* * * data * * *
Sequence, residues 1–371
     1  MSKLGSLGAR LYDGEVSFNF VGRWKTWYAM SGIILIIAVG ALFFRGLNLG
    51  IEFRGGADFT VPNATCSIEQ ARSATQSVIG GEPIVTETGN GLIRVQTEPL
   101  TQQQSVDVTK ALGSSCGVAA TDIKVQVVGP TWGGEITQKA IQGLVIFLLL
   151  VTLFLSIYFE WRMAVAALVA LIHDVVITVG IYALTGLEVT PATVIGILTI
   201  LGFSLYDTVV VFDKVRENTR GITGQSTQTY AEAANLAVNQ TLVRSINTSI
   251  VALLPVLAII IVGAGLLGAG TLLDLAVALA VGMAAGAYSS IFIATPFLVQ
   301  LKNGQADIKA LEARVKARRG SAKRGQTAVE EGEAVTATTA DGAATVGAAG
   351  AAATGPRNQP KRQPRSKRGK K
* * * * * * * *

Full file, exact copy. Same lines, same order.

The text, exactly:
Sequence, residues 1–371
     1  MSKLGSLGAR LYDGEVSFNF VGRWKTWYAM SGIILIIAVG ALFFRGLNLG
    51  IEFRGGADFT VPNATCSIEQ ARSATQSVIG GEPIVTETGN GLIRVQTEPL
   101  TQQQSVDVTK ALGSSCGVAA TDIKVQVVGP TWGGEITQKA IQGLVIFLLL
   151  VTLFLSIYFE WRMAVAALVA LIHDVVITVG IYALTGLEVT PATVIGILTI
   201  LGFSLYDTVV VFDKVRENTR GITGQSTQTY AEAANLAVNQ TLVRSINTSI
   251  VALLPVLAII IVGAGLLGAG TLLDLAVALA VGMAAGAYSS IFIATPFLVQ
   301  LKNGQADIKA LEARVKARRG SAKRGQTAVE EGEAVTATTA DGAATVGAAG
   351  AAATGPRNQP KRQPRSKRGK K